Sunday, July 15, 2012

The Perception of Corruption and the Ease of Doing Business in Syria

Since the situation in Syria does not seem to be improving, I thought I'd take a look at an aspect of the country that  might be of interest but doesn't receive a lot of mainstream media coverage; the perception of corruption among public officials and processes and the ease of doing business in the Syrian Arab Republic.

First, let's look at the perception of corruption in Syria.  Transparency International, a politically non-partisan organization that was formed in 1993 to take a stance against corruption around the world in an effort to see that the daily lives of people are free of government and business corruption, publishes an annual Corruption Perceptions Index.  This index ranks countries based on their perceived levels of public sector corruption.  Data is gathered using surveys and assessments including questions about bribery of public officials, kickbacks in public procurement, the embezzlement of public funds and looks at the efficacy of government anti-corruption efforts. 

Transparency International's Corruption Perceptions Index is a score out of ten, with ten being a perfect score (i.e. very little corruption in the public sector) and a country rated at zero being perceived as having a highly corrupt public sector.

The top three scores (the least corrupt nations) in the world are:

1.) New Zealand (9.5)
2.) Denmark (9.4)
3.) Finland (9.4)

The bottom three scores (the most corrupt nations) in the world are:

182.) Somalia (1.0)
181.) North Korea (1.0)
180.) Myanmar (1.5)

As a frame of reference, Australia comes in tied for 8th place with a score of 8.8, Canada comes in 10th place with a score of 8.7, the United Kingdom comes in  tied for 16th place with a score of 7.8 and the United States comes in 24th place with a score of 7.1.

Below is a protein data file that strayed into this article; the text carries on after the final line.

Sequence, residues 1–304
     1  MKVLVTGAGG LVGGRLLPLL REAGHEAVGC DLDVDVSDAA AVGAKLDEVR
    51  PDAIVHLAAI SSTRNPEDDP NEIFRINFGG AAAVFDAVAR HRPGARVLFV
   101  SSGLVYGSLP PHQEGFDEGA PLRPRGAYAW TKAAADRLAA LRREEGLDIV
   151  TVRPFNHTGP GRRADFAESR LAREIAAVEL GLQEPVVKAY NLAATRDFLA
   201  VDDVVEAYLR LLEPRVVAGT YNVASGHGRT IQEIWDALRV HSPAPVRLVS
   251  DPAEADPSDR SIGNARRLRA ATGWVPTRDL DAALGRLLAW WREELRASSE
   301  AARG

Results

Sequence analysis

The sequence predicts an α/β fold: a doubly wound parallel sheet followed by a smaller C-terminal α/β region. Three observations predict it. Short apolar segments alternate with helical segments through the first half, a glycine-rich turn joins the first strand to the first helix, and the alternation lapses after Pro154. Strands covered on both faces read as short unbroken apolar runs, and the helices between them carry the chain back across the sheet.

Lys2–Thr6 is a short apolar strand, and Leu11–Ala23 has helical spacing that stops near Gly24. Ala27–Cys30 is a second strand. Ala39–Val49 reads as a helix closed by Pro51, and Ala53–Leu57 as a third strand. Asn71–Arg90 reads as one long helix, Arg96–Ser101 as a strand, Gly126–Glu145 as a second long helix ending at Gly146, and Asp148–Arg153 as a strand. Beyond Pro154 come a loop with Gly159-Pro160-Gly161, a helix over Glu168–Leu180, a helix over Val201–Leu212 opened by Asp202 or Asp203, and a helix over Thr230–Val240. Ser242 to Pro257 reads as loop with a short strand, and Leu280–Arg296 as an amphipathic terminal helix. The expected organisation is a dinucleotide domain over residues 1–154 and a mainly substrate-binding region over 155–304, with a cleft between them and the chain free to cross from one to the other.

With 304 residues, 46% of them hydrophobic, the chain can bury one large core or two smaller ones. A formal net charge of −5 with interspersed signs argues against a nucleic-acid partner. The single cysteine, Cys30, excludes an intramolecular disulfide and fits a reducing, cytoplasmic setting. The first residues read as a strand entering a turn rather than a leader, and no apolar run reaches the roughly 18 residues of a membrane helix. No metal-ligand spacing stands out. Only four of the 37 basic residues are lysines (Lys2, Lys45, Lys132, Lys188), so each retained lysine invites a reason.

Now, back to Syria.  Syria comes in 129th place out of 182 nations with a score of 2.6.  How does this compare to its Middle East and North African neighbours?  Here is a graphic showing the continuum from Qatar (the best in the area coming in 22nd place with a score of 7.2) to Iraq (the worst in the area coming in 175th place with a score of 1.8):

Among Middle Eastern and North African countries, Syria comes in ahead of the aforementioned Iraq as well as Libya (168th place at 2.0) and Yemen (164th place at 2.1) but scores slightly lower than Iran (120th place at 2.7) and Egypt (112th place at 2.9).  Saudi Arabia, the major economy in the area, scores a relatively respectable 4.4 (57th place).

Here is a screen capture of part of Transparency International's world map showing the Corruption Perceptions Index with the darker red nations being the most corrupt and the yellow-coloured nations being perceived as less corrupt:

The International Finance Corporation, part of the World Bank, ranks doing business in Syria as follows:

Note that the ranking is out of 183 economies around the world.  Notice that the issue of enforcing contracts, an issue that always concerns international traders, comes in at 175th place out of 183.  It takes an average of 872 days from filing of a sale of goods dispute lawsuit until actual payment is received as shown here:

Notice that this is nearly 360 days or one year longer than what a similar action would take in an OECD economy and over 200 days longer than it would take, on average, in other Middle East and North African nations.

Let's close with one last graphic.  Here is a bar graph showing the ease of doing business in Syria compared to other economies in the area with the lowest scores being the most business-friendly economies:

In light of the recent conflict in Syria, my suspicion is that during 2012, it has become even more difficult and far riskier for anyone interested in doing business in the Syrian Arab Republic.  It will be interesting to see how dramatically the situation changes if, and when, the Assad clan is unseated.

1 comment:

  1. Thanks for the good collection of resources on this business ethics topic.